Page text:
Hon ALISON XAMON: Minister, I have no complaints about the number of people who turned up. My office has never been so full. I appreciate that; I am not merely being flippant about it. I recognise that people are trying to take this issue seriously. I note that, in the briefing for the bill, the fisheries staff who attended spoke of a number of planned activities that they hope will benefit the abalone population. I want to make clear my respect for the fisheries staff; I recognise that some really committed people work in fisheries. When I am raising these concerns, I certainly do not wish to cast aspersions on the good people working in fisheries. I note some of the things that have been proposed, including the translocation studies, starting this summer, to move abalone from the reef that is about to be destroyed to other locations, and also the building of the artificial reefs in deeper water, where it is intended to introduce abalone spawn. I really hope that these projects prove to be successful, and I encourage the government to continue funding these sorts of adaptation measures. The reality is that this is going to go ahead regardless of the Greens’ position, so at the very least I want to see that all the adaptation measures being proposed are as successful as possible. As I say, I have faith in the competence of the Department of Primary Industries and Regional Development. I hope it gets the funding it needs, but ultimately I hope it all works, because it is not entirely within the control of the fisheries officers.

Another very great concern is one that I have raised countless times in this place—and guess what, members, I am going to continue to do it—that once again we are destroying part of a Bush Forever site. It is extremely frustrating that “bush forever for now”, as I refer to it, seems to be the best level of protection that we can provide. Bush Forever was meant to be positive and forever, but, unfortunately, we have seen throughout the metropolitan area that it keeps getting diminished. It is especially concerning in the context that so much of this coastal strip of Bush Forever sites is under threat already, as I have already spoken about in this place, from coastal erosion over the next few decades. The area that will be cleared was going to be one of the few spots along the coastline that is unlikely to be threatened by coastal erosion processes. That is incredibly disappointing. We are already looking at losing enough of it to coastal erosion, but then we have this one patch that we are going to be cutting into anyway. The current estimate I have of the required clearing for the project, as I said, is 16.79 hectares. The estimates of required clearing have been steadily reduced as the project comes closer to reality, which I am pleased about, because the smaller we can make the footprint of that destruction, the better. I would obviously prefer zero, but if that is not going to happen, try to make it as small as possible.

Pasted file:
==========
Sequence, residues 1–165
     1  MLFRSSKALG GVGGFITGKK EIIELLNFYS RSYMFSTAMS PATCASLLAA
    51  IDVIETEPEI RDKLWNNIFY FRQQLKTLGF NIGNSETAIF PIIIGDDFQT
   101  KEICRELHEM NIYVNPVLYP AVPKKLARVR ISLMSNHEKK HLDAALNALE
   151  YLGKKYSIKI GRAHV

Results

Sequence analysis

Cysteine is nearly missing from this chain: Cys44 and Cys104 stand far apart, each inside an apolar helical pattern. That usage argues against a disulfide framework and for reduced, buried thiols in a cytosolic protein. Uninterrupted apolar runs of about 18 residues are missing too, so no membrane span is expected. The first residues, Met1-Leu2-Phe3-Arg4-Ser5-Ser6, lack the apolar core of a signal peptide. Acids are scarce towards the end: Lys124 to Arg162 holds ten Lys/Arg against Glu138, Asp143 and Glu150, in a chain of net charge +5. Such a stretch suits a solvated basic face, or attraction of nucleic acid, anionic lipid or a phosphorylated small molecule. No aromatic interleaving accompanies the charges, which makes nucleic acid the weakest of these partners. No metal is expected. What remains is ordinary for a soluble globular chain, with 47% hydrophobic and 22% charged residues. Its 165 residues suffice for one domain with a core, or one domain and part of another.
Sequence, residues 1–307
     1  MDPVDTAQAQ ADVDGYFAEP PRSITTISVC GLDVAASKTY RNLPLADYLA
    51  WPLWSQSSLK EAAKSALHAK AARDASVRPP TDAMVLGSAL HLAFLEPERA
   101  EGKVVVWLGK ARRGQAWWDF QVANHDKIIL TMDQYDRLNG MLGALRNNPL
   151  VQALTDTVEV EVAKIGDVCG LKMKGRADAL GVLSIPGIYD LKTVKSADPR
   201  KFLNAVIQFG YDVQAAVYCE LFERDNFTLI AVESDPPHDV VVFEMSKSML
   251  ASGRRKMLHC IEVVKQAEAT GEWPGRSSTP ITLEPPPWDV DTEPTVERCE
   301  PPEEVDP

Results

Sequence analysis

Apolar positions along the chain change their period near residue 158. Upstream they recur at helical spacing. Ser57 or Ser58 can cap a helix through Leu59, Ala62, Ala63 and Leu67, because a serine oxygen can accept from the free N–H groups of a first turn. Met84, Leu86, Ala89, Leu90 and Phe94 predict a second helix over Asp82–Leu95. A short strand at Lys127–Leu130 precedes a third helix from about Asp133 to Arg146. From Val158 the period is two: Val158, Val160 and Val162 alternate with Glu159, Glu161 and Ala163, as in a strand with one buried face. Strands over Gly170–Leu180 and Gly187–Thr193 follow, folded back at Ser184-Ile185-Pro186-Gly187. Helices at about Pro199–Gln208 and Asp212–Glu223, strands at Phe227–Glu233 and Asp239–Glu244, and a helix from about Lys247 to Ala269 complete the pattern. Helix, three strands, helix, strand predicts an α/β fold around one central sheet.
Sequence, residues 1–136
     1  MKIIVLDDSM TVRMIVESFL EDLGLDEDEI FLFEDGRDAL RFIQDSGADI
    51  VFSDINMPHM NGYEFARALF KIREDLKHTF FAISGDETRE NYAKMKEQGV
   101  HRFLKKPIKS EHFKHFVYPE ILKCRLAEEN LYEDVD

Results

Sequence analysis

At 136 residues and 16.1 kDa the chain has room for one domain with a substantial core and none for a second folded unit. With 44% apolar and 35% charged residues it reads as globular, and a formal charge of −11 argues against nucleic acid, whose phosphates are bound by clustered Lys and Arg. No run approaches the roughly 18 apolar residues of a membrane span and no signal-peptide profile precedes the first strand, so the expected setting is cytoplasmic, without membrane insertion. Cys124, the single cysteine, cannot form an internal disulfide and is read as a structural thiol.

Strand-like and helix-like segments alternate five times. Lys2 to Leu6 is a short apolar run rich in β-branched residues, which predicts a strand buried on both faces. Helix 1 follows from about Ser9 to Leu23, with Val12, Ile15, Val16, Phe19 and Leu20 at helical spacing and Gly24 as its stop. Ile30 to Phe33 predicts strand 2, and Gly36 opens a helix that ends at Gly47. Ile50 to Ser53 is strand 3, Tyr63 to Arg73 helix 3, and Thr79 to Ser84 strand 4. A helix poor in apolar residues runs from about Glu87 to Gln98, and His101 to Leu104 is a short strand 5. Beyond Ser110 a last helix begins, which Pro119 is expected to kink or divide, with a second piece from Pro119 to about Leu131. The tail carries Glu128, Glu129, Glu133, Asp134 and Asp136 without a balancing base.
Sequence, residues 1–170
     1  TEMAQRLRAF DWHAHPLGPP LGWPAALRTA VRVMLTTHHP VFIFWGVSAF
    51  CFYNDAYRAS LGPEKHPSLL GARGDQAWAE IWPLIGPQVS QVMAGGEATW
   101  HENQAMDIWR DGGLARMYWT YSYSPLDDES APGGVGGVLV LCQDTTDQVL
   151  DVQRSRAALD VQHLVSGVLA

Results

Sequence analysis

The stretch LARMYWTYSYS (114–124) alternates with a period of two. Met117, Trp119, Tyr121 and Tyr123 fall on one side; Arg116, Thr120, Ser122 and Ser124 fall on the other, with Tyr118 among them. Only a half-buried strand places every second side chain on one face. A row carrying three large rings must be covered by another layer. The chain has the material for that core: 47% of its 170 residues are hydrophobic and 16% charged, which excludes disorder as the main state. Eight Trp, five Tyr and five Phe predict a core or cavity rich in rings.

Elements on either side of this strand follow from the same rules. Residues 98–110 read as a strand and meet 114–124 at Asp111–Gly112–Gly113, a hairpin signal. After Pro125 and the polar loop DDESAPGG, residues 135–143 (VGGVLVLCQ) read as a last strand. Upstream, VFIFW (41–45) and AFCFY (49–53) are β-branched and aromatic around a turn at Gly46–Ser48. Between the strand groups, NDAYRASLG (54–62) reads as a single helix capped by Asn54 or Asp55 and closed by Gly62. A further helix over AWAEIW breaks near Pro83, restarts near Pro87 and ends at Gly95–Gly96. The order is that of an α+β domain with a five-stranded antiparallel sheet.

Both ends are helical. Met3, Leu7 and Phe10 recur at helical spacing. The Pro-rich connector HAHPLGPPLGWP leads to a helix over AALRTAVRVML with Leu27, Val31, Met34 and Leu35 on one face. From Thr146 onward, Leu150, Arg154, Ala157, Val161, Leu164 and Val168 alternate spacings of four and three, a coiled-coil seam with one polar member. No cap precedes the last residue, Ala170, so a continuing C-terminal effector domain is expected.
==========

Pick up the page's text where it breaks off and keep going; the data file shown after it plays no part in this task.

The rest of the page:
The negotiated planning outcome includes the offset purchase of lot 51 Walding Road, which is a 53-hectare site in Carabooda. The plan is for this lot, which is adjacent to Yanchep National Park, to be managed to the requirements of the Department of Biodiversity, Conservation and Attractions before being formally added to Yanchep National Park. The lot is also likely to be used as part of the offsets for Metronet rail development through the Ningana bushland, which I have also spoken about previously in this place. The draft negotiated planning outcome for Ocean Reef Marina made provision for $100 000 to be allocated for the ongoing management and maintenance of this site. I look forward to receiving confirmation that this funding will be going ahead. It is absolutely clear that this site should be added to the national park, but I do not think it should be necessary to lose some of the Bush Forever site to make this happen. In relation to the issue of offsets, we know from long experience that offsets provide, ultimately, a net loss to the environment. This is particularly true for Bush Forever site 325, which consists of a long strip of bushland that goes all the way from Whitfords Nodes, on the north side of Hillarys Boat Harbour, up to Burns Beach. Again, as I have already said in this place, the coastal erosion risk maps created by the City of Joondalup show that the dunes that do not have any rocky cliff protection are highly likely to be severely impacted by coastal erosion, particularly as our climate changes and our sea level rises. In that environment, 16.79 hectares is actually not a small amount of loss. It is not a small amount to begin with, but when combined with foreseeable losses to this unique metropolitan bushland from coastal erosion, a substantially larger offset would, I think, not be out of line. I do not think it would go astray, and I would love it if the government could consider that.